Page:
Here are some previous thoughts on the subject of World Development. When you have finished on this page, click Back to look at other topics.

Skin-care must have been important to fashionable Roman women. A small pot dating back to the middle of the second century AD has been found in an excavated Roman temple in London. It appears to be foundation cream. It was discovered in a waterlogged ditch preserved under wooden planks in thick layers of mud. Its high quality suggests the Romans were almost as skilled as we are today in enabling women to display their beauty to effect.

Human priorities have not changed much over the centuries. This weekend we remember another one as we recall the sacrifice of those who gave their lives in war. They did so in the hope of creating a more beautiful world. Those in the First Great War displayed their gallantry in waterlogged ditches and thick layers of mud but their belief that their deaths would be the foundation for a new, more peaceful world turned out to be false. They were betrayed by the inability of the generations which followed to create the conditions where peace would flourish.

We also remember this weekend those who in our day serve in our armed forces in the hope that they are bringing freedom from terror and oppression. If their sacrifice and courage is to have that outcome, it will need more than military success. It will need all peoples of all countries to be committed to a freedom that is more than skin-deep.

The archaeologists who found the pot of Roman make-up presumably turned up that day to do their work in as professional and skilled a way as possible. Little did they know that in so doing they would discover a unique treasure. The treasure the world has sought since well before Roman times is a peaceful and just world. Perhaps it is as we, and everyone else, go about our ordinary business in as loving, generous and tolerant way as possible that the foundations of such beauty are being laid.

The furnishing store Habitat is forty years old. Founder Terence Conran’s success was partly because he met a need in a generation which only barely remembered the austerity of the war years. Sunday newspaper colour supplements emerged at roughly the same time and Conran’s wife, Caroline, initiated the production of Habitat’s colourful and inviting catalogue, the first of its kind. A friend of Conran’s remarked, “The problem with Terence is that he wants everybody to have a better salad bowl” and the means were there to persuade large numbers of people that that’s what they wanted too.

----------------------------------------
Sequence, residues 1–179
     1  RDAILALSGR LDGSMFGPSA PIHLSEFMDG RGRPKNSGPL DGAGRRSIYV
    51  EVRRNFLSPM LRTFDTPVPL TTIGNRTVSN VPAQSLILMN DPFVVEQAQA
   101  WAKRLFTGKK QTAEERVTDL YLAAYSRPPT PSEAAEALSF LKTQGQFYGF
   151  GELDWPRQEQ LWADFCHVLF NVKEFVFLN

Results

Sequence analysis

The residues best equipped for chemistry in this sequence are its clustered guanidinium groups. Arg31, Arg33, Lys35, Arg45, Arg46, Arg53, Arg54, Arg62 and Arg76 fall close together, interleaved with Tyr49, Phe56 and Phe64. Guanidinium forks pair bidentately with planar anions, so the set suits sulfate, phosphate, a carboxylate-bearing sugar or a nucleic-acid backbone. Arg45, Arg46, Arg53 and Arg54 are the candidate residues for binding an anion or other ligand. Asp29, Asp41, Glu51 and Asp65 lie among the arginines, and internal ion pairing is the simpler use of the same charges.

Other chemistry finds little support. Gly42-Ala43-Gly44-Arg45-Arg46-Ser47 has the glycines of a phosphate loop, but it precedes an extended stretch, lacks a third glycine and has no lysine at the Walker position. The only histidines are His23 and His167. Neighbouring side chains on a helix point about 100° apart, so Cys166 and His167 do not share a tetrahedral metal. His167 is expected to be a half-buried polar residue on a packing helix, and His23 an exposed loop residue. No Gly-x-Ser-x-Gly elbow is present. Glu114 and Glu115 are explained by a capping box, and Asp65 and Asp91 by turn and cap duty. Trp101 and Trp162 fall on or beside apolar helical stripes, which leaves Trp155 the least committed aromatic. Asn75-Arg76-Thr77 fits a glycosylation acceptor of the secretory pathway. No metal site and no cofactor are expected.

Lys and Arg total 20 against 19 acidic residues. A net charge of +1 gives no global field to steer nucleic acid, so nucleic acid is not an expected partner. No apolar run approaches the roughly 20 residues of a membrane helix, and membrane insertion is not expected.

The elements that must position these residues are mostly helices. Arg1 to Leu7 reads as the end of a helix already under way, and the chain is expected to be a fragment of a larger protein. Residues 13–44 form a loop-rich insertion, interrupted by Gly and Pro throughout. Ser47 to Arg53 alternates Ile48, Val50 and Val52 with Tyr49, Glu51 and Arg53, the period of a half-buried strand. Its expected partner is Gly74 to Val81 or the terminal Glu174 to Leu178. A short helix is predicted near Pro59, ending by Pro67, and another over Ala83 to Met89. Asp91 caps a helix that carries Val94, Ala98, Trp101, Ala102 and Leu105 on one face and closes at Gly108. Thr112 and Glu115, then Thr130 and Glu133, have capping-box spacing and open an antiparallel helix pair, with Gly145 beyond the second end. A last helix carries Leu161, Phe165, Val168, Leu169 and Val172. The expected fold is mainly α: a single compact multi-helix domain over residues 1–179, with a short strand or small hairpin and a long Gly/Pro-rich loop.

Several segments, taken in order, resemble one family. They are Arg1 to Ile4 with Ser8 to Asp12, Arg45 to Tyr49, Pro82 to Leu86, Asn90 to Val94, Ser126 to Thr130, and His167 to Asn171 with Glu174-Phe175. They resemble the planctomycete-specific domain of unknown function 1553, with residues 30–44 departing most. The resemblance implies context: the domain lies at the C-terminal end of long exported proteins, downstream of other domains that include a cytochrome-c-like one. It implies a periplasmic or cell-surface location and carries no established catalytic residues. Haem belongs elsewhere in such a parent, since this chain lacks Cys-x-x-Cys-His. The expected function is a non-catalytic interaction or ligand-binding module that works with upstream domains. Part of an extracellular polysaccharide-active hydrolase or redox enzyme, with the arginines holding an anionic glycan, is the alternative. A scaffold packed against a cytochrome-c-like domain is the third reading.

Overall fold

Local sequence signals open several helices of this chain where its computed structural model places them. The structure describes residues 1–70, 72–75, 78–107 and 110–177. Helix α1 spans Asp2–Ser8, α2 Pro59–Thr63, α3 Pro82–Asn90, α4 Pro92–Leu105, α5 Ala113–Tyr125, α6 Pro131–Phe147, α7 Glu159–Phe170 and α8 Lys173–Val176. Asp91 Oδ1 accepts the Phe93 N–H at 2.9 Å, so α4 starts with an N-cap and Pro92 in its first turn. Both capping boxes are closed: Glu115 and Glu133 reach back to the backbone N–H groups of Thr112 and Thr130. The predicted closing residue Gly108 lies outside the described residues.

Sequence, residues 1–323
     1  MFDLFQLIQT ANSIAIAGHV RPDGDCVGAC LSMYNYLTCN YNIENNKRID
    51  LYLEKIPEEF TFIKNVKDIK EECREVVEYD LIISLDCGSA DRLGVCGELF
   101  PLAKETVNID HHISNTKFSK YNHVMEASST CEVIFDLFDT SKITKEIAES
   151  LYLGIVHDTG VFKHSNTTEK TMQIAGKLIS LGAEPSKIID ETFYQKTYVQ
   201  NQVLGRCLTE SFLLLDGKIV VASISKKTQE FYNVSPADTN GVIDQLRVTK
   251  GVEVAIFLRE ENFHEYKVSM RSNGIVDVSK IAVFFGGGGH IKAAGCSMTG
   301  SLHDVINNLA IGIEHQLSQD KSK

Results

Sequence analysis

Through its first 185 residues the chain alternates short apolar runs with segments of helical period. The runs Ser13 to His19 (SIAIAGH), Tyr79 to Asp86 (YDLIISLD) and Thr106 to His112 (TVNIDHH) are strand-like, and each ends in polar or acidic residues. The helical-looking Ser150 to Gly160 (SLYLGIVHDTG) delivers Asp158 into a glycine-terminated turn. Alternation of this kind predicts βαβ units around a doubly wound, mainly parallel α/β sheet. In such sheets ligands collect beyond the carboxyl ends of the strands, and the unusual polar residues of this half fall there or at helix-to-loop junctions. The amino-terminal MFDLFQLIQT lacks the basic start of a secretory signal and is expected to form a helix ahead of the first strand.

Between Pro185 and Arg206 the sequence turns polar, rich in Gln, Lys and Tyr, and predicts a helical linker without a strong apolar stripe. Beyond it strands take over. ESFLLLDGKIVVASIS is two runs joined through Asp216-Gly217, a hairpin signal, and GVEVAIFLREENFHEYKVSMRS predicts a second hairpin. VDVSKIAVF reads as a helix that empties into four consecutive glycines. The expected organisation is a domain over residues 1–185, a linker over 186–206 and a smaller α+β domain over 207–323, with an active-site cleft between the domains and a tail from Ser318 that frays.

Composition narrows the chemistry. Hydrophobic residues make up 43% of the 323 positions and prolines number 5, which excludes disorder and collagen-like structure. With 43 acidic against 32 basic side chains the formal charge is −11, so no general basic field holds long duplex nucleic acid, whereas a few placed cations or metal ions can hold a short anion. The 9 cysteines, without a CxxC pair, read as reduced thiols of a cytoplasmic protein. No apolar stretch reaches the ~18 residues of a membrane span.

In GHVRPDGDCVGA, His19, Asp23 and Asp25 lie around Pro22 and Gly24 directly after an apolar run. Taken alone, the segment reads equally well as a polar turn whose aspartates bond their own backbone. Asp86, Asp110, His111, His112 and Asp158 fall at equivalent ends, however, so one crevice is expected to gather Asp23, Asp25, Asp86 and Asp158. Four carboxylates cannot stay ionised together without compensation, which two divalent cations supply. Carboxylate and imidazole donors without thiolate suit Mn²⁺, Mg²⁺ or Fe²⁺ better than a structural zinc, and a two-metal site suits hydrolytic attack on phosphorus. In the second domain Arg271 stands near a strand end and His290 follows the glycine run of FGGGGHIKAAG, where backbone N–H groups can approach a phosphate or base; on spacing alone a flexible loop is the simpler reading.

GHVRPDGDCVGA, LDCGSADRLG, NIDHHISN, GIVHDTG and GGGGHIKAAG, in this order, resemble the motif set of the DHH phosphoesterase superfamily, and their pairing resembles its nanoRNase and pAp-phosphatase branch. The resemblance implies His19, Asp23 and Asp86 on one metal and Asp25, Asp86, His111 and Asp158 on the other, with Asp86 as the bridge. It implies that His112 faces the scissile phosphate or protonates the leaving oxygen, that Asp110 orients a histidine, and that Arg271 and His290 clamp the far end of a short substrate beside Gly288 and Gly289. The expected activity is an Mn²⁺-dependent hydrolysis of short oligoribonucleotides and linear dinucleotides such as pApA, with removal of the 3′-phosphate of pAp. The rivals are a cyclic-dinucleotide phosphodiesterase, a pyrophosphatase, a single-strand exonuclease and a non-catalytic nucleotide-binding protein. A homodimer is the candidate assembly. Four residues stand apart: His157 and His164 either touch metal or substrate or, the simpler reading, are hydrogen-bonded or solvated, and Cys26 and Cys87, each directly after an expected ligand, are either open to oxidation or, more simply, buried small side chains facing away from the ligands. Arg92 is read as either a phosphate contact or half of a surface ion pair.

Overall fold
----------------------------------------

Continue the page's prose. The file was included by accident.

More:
Most people however don’t need persuading. Wanting a brighter and aesthetically appealing environment is entirely natural. But such advertising can have the effect of focussing attention only on improving our own lifestyles.

Today the Fairtrade organisation begins a fortnight of promoting its products. Sometimes the things we buy were manufactured or brought within our reach by people working for very low wages. They have very little opportunity to improve their living conditions. Fairtrade’s aim is to bring, into the kinds of shop most of use, a whole range of items that are not brought to us at the expense of other people’s hardship.

Many of us have more attractive homes because of what Conran and others have done. Their motivation has naturally been commercial. But perhaps we should all want “everybody to have a better salad bowl” and buying fairly traded goods is one way to help that happen.

The University of Michigan wants to choose from applicants to the law school in such a way as to ensure that the overall make-up of the year-group is ethnically mixed. You could call it affirmative action or positive discrimination. America’s Supreme Court has ruled that it can.

This Friday and Saturday, campaigners for Trade Justice will hold a vigil in London. They want to highlight the way the international trading system is heavily weighted at the moment in favour of the rich. The positive discrimination in world trade is not on behalf of the poor but to protect the rich. The Trade Justice Movement is calling for the balance to be redressed.